Afghanistan's fate means West now perceived as weak, UK minister says

By and
British Defense Minister Ben Wallace addresses a news conference in Nairobi
British Defense Minister Ben Wallace addresses a news conference in Nairobi, Kenya January 25, 2021. REUTERS/Thomas Mukoya
  • Adversaries such as Russia will question the West - minister
  • Islamist militants will see Afghanistan as victory, he says
  • Russian security official questions U.S. commitment to Ukraine

LONDON/MOSCOW, Aug 19 (Reuters) - The fate of Afghanistan after a 20-year war led by the United States means that the West's resolve is now perceived as weak by major adversaries such as Russia, British Defence Secretary Ben Wallace said on Thursday.

Afghanistan's war has cost several hundred thousand lives and trillions of dollars but the militant Islamist Taliban are now back in power, and the West's leading powers are scrambling to evacuate their diplomats and Afghan staff from Kabul airport.

"What I'm uncomfortable with is that we have a world order now where resolve is perceived by our adversaries as weak, the West's resolve," Wallace told BBC TV.

"That is something we should all worry about: if the West is seen not to have resolve and it fractures, then our adversaries like Russia find that encouraging," Wallace told LBC radio.

In Moscow, Nikolai Patrushev, secretary of Russia's Security Council and one of President Vladimir Putin's closest allies, questioned Washington's commitment to Ukraine in light of the rushed exit from Afghanistan. read more

Britain fears the Taliban's return and the vacuum left by the West's chaotic withdrawal will allow militants from al Qaeda to regain a foothold in Afghanistan, just 20 years after the Sept. 11, 2001 attacks on the United States.

"Around the world, Islamists will see what they will view as a victory and that will inspire other terrorists," Wallace said.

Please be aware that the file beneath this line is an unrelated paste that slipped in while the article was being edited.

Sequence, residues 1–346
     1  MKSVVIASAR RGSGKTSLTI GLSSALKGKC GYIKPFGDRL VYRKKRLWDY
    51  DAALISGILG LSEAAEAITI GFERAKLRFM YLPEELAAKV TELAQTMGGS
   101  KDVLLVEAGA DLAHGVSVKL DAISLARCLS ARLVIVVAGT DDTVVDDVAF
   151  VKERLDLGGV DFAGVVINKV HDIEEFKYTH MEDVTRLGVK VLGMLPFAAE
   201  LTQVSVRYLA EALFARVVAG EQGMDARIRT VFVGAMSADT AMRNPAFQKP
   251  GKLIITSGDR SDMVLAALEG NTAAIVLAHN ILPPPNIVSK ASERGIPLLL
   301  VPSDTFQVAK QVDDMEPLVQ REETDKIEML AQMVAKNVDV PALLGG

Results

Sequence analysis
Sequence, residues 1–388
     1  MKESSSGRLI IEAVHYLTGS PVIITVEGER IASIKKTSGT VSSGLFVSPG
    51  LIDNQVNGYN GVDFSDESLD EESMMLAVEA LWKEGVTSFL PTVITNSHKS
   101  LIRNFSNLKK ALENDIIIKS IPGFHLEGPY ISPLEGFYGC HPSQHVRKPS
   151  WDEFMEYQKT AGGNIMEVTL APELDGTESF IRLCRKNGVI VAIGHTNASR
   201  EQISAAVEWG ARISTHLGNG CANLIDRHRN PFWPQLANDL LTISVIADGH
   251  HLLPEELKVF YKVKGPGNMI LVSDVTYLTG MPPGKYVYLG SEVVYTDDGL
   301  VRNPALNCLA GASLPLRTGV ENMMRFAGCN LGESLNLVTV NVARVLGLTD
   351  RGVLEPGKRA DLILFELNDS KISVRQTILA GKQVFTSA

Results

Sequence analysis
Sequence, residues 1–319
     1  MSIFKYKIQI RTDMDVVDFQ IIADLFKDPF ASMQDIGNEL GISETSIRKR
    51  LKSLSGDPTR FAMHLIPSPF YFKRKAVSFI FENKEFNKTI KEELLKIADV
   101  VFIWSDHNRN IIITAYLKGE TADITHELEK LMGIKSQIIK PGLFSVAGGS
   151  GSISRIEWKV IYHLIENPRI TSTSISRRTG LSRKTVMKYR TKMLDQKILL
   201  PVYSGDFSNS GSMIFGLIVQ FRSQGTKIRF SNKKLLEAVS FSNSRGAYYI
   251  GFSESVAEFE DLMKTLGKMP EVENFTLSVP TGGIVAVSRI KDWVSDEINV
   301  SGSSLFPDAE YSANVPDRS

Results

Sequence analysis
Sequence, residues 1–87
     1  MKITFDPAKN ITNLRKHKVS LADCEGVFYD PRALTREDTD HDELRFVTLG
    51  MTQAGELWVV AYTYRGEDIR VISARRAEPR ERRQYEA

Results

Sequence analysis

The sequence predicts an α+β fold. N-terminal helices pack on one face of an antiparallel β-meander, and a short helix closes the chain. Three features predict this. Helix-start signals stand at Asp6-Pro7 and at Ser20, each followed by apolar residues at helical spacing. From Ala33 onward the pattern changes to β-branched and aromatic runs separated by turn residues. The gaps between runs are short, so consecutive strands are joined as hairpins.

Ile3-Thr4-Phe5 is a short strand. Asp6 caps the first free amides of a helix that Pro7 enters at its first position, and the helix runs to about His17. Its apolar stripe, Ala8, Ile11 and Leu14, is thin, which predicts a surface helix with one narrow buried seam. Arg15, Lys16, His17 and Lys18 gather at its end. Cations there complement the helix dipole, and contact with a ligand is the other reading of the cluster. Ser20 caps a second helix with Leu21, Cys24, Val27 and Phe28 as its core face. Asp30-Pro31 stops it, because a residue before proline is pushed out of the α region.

Russia's Patrushev cast doubt on the resolve of the United States to protect its allies in Europe, citing Ukraine.

"Kyiv is obsequiously serving the interests of its overseas patrons, striving to get into NATO," Patrushev told the Izvestia newspaper, referring to Ukrainian aspirations - strongly opposed by Moscow - to join the U.S.-led military alliance.

"But was the ousted pro-American regime in Kabul saved by the fact that Afghanistan had the status of a principal U.S. ally outside NATO? (No). A similar situation awaits supporters of the American choice in Ukraine," predicted Patrushev.

Russia remains firmly focused on Ukraine after annexing its Crimea region in 2014 and backing an uprising that same year that has left eastern Ukraine in the hands of Russian-backed separatists. Kyiv says the conflict has killed 14,000 people.

Reporting by Sarah Young and Guy Faulconbridge in London and Andrew Osborn in Moscow; Editing by Kate Holton, Michael Holden and Mark Heinrich

Our Standards: The Thomson Reuters Trust Principles.

Thomson Reuters

As Moscow bureau chief, Guy runs coverage of Russia and the Commonwealth of Independent States. Before Moscow, Guy ran Brexit coverage as London bureau chief (2012-2022). On the night of Brexit, his team delivered one of Reuters historic wins - reporting news of Brexit first to the world and the financial markets. Guy graduated from the London School of Economics and started his career as an intern at Bloomberg. He has spent over 14 years covering the former Soviet Union. He speaks fluent Russian. Contact: +447825218698